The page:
Tag Archives: family history
TRADERS Bertie, David, ‘Portarlington Arms‘, & farmer Cadie, Thomas, carpenter & wheelwrgt Calnes Christopher, farmer Eaton, Henry, tailor Frizle, Thomas, carrier Formidge John, farmer Guy, James, blacksmith Ham, John, farmer Hawkins, Mill Maria, shopkeeper |Hopkins Samuel, tailor Ingram Robert, farmer … Continue reading
We now have a good run of Land Tax records for the years 1780 – 1832, and we are beginning to transcribe them. They show the “proprietors” and “occupiers” of each property. There were 25 names in 1780, 20 in … Continue reading
Carol Sastradipradja has just transcribed page 104 and come across this interesting piece of information. It reads: “Memorandum. Sunday Jan 13 Several Labouring People having complained to the Officers of the Parish that They Wanted Houses. In consequence of their … Continue reading
Every month the Overseer paid out the regular payment to the poor, plus “disbursements” – additional payments, goods or services to those in need, and costs of the Overseers. These disbursements are of most interest to the local historian because … Continue reading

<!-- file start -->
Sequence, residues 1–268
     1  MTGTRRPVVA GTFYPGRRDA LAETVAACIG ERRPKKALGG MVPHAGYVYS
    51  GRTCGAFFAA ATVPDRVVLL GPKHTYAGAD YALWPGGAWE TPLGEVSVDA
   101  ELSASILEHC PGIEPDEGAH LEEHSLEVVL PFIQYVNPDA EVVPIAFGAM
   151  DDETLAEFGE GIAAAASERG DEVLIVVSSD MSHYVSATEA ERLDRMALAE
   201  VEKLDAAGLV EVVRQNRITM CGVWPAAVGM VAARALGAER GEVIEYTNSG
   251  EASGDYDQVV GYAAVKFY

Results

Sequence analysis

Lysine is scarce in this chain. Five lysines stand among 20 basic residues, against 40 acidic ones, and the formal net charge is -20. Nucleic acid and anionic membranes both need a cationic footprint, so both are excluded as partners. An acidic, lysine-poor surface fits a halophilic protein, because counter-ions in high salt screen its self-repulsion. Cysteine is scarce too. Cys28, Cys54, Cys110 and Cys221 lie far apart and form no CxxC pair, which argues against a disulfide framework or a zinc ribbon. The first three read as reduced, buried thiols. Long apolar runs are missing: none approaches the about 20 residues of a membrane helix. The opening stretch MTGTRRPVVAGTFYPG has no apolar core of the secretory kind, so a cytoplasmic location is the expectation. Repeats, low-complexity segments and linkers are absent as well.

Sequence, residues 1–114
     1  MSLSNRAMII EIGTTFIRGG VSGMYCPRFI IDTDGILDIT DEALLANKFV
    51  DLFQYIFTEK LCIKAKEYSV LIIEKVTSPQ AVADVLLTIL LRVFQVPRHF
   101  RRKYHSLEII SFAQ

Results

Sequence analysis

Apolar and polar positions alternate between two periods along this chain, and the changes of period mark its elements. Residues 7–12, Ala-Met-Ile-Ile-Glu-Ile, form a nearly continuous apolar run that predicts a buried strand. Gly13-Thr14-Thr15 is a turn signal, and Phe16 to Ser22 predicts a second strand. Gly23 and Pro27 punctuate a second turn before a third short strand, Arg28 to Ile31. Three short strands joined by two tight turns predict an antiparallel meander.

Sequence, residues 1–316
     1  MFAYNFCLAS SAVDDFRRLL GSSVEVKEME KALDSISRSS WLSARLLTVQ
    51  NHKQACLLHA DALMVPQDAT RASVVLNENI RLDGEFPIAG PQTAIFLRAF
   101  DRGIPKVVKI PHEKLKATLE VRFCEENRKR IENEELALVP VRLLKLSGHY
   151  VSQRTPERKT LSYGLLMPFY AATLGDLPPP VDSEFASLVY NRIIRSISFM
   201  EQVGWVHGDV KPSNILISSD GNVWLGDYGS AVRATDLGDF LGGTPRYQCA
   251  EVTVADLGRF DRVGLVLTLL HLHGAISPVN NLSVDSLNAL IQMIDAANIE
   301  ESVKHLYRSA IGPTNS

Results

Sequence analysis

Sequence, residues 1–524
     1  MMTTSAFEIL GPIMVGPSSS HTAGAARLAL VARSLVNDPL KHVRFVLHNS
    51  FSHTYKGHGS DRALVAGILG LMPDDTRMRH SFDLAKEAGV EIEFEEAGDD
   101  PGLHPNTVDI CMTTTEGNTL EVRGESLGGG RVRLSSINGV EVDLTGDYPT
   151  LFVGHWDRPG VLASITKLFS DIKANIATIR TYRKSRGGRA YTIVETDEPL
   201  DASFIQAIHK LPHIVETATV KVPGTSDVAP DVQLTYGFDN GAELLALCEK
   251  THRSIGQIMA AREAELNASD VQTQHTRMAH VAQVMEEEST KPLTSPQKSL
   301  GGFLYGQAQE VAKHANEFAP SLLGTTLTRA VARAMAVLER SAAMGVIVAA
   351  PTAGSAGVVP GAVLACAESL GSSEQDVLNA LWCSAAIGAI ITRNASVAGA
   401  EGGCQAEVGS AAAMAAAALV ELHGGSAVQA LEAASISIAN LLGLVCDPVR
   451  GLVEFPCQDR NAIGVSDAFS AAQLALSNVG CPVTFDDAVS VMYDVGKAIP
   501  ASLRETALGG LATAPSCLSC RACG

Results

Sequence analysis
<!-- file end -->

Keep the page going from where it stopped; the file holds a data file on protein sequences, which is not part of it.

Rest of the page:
This is the first piece of evidence for a Pauper’s House in the new village of Milton Abbas. From the Overseers of the Poor book page dated April 1786. This is in addition of course to the Almshouses for “6 … Continue reading
Despite the dreadful weather plenty of people turned out, and many took an interest in our history group stand. Thanks to the great British public. All the volunteers on our stand were in 18th century costume, which added to the … Continue reading
It is rumoured here that King Edward VII brought his mistress to Milton Abbey. Maybe many times. However if he did, it was kept very quiet. Does anyone know which mistress he was with in 1909 when this picture was … Continue reading
Here is a view of the beaters for the shoot. does anyone have relatives who were estate workers at Milton Abbey in 1909. It would be good if we could recognise any of these men.
Fanny Burney on Milton Abbey Frances Burney – Madam D’Arblay visited Milton Abbey and Milton Abbas in 1791. She was not too impressed by Lord Milton’s new “town”. This is one of the very few contemporary comments. It is a … Continue reading
Now here’s a useful little book. It is still available if you know where to look. The references aren’t very good and some of the information may be hearsay.